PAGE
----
“If I was a bear I would enjoy my sleep in hibernation and was I an owl, then my insomnia in night’s wakefulness.” A lot of us must have compared their sleep patterns or insomnia levels with these animals. Unfortunately, we humans can’t choose to be either.
The lack of sleep or overdose of it affects our bodies negatively. In today’s stressful living we have more people complaining of insomnia than ever before, age being no bar. Insomnia is known to raise cortisol levels, disrupt cholesterol and insulin balance, cause disturbance to digestive processes causing acidity and impact neurological responses. With stress levels already high, lack of sleep only further elevates problems. So what can we do to make things easier?
These are the foods that help in a peaceful sleep and reduce stress.
1. Banana : It has potassium and magnesium, which are both muscle relaxants. Also contains tryptophan which gets converted into serotonin and melatonin which induces sleep.
2. Pineapple: It can reduce muscular skeletal pains as it contains bromelain, known to relieve muscle aches. It also reduces inflammation and muscular fatigue.
3. Honey and toast : Honey has potassium and the carbs in toast, both help in release of protein tryptophan which helps in serotonin (feel good hormone) being produced.
4. Yogurt : Fresh yogurt is known to relieve acidity. Sprinkled with seasons berries be in strawberry, raspberry and even cherries are known to accelerate melatonin production, ideal for a good night’s sleep.
5. Warm water with ginger, honey and Turmeric: All of these reduce inflammation and fatigue, which in turn can induce a restful feeling throughout the body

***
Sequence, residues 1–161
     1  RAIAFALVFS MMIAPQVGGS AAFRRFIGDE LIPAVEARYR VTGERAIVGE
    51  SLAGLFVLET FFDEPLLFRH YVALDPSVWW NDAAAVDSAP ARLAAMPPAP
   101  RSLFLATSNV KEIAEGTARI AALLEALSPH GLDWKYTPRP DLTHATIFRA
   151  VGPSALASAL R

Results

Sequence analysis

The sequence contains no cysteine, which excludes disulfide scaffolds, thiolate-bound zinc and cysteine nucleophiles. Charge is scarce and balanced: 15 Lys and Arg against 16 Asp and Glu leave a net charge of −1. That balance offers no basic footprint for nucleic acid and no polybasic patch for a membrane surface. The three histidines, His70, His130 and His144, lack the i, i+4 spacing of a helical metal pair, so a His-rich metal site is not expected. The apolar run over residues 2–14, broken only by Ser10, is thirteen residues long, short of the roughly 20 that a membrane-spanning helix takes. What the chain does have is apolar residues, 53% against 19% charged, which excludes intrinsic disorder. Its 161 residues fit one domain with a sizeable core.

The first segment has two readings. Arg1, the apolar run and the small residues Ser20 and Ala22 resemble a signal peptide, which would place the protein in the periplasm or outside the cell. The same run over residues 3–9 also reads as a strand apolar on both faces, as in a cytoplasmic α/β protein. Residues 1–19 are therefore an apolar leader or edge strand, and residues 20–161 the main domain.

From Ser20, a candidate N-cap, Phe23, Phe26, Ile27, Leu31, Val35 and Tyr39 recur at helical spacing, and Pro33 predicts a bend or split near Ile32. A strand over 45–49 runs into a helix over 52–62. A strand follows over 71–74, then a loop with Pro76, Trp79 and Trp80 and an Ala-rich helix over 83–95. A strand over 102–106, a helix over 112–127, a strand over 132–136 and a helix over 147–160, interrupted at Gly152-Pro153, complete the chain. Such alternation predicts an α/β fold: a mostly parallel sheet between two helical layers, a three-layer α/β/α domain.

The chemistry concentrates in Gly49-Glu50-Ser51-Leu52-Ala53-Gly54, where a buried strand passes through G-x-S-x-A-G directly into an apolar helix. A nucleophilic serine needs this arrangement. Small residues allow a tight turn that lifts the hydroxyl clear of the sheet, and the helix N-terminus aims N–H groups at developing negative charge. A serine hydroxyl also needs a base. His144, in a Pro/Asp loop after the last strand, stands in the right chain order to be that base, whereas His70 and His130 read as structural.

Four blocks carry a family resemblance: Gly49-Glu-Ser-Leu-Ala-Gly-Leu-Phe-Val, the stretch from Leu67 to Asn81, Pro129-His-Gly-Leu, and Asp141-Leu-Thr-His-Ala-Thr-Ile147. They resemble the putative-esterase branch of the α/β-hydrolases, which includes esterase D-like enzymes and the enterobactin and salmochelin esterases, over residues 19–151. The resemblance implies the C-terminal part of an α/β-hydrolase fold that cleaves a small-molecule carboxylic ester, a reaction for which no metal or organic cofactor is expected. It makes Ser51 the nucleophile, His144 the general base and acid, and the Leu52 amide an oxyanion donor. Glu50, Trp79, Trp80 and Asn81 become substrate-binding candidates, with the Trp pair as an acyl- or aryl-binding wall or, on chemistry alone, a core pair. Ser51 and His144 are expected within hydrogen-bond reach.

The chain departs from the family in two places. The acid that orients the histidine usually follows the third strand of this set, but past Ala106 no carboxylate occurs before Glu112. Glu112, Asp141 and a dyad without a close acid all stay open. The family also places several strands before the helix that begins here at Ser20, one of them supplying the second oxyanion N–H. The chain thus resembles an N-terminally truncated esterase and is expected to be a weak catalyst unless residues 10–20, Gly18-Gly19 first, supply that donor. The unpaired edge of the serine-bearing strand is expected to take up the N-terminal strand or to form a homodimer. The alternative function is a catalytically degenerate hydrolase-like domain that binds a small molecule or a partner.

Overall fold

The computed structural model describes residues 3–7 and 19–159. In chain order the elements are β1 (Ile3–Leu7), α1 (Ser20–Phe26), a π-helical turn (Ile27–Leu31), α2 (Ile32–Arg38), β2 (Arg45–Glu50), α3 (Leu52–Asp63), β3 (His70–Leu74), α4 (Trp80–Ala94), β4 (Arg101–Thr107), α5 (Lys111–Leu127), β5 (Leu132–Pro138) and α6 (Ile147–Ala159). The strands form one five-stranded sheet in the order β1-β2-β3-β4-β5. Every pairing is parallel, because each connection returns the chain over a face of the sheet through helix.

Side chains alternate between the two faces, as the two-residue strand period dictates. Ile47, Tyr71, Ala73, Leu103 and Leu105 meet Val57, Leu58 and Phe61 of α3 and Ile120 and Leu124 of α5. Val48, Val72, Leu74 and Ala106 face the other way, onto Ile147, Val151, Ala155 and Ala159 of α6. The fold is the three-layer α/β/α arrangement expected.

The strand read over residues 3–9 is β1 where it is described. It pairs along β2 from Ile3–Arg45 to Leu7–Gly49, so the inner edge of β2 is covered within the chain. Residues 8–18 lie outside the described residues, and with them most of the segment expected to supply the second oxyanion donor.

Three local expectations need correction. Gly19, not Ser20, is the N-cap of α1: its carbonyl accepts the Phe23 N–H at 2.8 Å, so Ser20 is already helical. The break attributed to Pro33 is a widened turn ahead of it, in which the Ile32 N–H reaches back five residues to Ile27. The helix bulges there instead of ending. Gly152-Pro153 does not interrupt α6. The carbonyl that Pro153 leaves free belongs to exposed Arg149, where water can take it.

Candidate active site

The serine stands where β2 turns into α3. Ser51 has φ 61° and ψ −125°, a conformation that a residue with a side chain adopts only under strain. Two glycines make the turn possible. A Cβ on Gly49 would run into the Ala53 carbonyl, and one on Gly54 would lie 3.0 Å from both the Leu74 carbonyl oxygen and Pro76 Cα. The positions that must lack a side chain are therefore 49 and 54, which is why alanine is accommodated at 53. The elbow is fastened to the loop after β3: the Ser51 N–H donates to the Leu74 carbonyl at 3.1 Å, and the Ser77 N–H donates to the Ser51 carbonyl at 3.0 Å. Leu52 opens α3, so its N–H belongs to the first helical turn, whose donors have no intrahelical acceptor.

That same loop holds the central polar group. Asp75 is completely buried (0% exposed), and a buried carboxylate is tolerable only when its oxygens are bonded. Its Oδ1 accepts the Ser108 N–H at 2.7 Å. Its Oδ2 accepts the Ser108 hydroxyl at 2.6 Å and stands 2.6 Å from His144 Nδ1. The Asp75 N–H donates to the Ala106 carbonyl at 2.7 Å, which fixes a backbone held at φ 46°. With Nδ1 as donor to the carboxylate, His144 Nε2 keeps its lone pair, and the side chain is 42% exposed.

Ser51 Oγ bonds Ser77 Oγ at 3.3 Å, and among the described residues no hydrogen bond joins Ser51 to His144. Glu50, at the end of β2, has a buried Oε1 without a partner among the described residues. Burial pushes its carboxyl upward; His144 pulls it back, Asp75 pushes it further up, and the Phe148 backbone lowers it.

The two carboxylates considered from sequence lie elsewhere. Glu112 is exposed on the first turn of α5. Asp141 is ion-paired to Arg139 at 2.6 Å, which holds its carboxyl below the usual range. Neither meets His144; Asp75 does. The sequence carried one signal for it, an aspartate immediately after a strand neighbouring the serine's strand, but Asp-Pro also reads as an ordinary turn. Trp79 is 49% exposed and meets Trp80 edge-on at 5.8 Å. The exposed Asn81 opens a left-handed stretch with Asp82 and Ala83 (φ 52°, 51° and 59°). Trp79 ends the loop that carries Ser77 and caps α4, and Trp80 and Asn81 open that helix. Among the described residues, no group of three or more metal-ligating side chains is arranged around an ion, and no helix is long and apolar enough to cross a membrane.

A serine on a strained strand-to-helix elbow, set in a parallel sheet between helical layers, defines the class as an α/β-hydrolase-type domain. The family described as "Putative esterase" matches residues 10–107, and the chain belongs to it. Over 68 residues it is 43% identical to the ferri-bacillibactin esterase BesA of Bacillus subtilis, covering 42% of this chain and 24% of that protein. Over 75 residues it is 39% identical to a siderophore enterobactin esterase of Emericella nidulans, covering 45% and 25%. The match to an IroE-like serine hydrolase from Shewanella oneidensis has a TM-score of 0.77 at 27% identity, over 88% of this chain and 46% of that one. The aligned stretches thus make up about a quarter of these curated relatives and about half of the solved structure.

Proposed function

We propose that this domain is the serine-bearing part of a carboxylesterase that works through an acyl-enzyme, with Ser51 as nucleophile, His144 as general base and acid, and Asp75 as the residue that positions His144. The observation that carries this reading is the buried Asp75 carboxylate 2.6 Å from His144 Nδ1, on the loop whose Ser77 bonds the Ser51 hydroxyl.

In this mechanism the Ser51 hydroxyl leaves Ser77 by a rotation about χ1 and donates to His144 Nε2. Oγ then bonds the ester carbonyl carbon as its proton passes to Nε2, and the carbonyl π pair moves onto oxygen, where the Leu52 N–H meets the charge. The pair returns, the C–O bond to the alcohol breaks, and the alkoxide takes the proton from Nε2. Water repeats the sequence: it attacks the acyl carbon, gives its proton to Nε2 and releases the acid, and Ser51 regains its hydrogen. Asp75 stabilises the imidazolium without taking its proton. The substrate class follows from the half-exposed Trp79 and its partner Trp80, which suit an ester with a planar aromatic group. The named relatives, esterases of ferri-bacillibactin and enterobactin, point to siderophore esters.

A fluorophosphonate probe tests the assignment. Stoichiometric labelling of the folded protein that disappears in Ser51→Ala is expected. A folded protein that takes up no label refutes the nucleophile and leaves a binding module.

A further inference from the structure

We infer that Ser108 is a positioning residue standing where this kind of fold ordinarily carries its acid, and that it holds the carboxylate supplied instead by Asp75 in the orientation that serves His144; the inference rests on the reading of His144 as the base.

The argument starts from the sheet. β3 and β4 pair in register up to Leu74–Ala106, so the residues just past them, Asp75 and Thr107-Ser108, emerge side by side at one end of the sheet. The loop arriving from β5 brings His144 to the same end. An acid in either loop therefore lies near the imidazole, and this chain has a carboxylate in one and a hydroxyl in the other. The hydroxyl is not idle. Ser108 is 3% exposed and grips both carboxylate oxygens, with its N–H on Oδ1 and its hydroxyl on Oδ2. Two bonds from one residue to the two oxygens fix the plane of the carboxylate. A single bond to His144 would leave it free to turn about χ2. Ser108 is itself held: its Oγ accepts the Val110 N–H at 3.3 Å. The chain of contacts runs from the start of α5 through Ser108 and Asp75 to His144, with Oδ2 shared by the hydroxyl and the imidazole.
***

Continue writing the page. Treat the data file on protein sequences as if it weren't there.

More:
6. Oats: Carbs but without excess calories. A small bowl can promote satiety, reduce acid reflux, help in tryptophan production and thereby induce sleep.
Apart from this, we have to follow the basic guidelines of having a peaceful, calm atmosphere, cool temperatures, low lights and no access to devices such as phones and computers at least half an hour before we hit the bed. It helps if we know we have a problem and take the necessary steps to relieve it rather than challenge its workability.
The overdose of sleep however is another pattern in itself which affects productivity. This is usually caused by prolonged REM sleep cycle wherein deep sleep is not reached and the person ends up feeling fatigued even after a complete nights rest. During this phase (REM) the oxygen usage of the brain is higher than even the state of wakefulness working on a complex problem. The individual therefore might have slept more than 12 hours but would still not feel rested or ready for activity. Though this is usually a genetic problem, it may be altered by addressing more routine activities such as regulated eating and physical activity. Sometimes sleeping more can be the first signs of depression or mental illness, wherein the person loses the incentive to face each day. If that’s the case it is essential to consult a doctor immediately. However, if it is sheer laziness, then an activity to stimulate the brain cells is necessary. A small piece of dark chocolate/ a cup of tea/coffee might do the trick.
So weigh your sleep with your physical activity for proper muscle repair and then stimulate your brain for wakefulness. Don’t be a bear or an owl. A 7 / 8 hour sleep cycle is a good balance to maintain for an optimum lifestyle.
Read The Times of India article – click here